After sleep patterns, I think the next biggest parenting concern I have and hear about revolves around the topic of food. How can I make sure my kids are eating enough vegetables? Did I pack them a lunch that is healthy enough? What can I feed them after school that doesn't come from a box? How many gripes am I going to get about the dinner I'm about to prepare?
As far as places to embark on Baby's First Air Travel go, Dane County Regional Airport is a pretty sound choice, especially at 6 p.m. on a Saturday night. My biggest fear was that my nine-month-old son would start screaming in the airport; my second biggest fear was that my son would start screaming and some of my former Epic colleagues would be around to hear it.
The recent shift in the weather is just another sign that autumn is fast approaching. That means one of my favorite activities is just around the corner -- apple picking. My husband and I have been picking apples every fall since before our kids were born.
I have a lot of questions about what to put on my eight-month-olds' plates -- and, if I'm honest, a deep and abiding fear of putting the wrong thing there. Did I start them on solid foods at the right time? What's the deal with baby-led weaning -- how much self-feeding should they be doing? At what age should I give them potential allergens like shellfish or nut products?
Lily the potbellied pig arrived at Heartland Farm Sanctuary blind, lethargic and too overweight to walk. The children of Heartland's summer day camp program took it upon themselves to put the curl back in her tail.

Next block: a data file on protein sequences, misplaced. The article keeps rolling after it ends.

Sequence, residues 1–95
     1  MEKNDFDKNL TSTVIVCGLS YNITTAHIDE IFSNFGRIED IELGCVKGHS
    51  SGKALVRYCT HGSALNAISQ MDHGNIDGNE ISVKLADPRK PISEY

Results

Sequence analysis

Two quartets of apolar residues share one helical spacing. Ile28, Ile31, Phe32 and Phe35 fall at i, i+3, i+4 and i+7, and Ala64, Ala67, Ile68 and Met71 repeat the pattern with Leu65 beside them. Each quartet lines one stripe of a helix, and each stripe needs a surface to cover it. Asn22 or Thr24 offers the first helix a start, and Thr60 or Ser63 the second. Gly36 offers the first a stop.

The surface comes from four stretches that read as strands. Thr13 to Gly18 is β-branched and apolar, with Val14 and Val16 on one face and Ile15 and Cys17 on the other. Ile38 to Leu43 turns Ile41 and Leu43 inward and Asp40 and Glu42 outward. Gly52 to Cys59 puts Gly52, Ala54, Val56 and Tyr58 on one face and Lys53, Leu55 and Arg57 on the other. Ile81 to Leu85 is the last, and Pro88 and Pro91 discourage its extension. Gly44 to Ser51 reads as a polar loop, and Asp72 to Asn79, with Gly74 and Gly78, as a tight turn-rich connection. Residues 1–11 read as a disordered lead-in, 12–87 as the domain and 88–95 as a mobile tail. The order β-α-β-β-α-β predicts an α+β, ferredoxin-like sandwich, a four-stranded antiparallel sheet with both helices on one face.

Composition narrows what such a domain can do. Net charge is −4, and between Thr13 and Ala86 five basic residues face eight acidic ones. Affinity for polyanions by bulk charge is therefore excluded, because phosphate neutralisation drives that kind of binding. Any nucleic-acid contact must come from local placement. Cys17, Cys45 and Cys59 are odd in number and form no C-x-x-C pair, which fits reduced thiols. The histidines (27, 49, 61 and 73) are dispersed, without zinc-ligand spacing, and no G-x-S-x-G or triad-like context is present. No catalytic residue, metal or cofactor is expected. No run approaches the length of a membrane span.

Is it just me or does each summer seem to go by quicker than the last? The end of summer is upon us and for many families this means the start of a new school year.
This past week, on the way to the grocery store, my daughter asked what I believed she thought would be a innocuous question, "Mom, when are we going back-to-school shopping?"
Volunteering with the Young Writers Summer Camp this past week really helped me to remember how utterly creative kids can be when encouraged to come up with their own ideas and use their own words.
This past week I gleefully accepted an offer for new job on the UW-Madison campus. My kids are getting are older and I guess I've felt for a while now that it was time to figure out what would be next for me on the professional front.
"Kids spend so much time in and around school, it's the only place where some have a chance to develop an appreciation for a healthy lifestyle," says Katie Hensel, founder and executive director of Tri 4 Schools.